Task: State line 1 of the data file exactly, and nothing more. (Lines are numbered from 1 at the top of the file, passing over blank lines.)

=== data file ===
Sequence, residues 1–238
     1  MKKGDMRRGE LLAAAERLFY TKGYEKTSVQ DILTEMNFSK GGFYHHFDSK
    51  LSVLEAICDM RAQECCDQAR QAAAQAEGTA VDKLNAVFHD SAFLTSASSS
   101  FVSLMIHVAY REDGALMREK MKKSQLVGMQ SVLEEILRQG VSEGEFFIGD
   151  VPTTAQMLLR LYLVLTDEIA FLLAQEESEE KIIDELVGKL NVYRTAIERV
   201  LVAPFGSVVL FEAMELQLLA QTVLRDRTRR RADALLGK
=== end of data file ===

Sequence, residues 1–238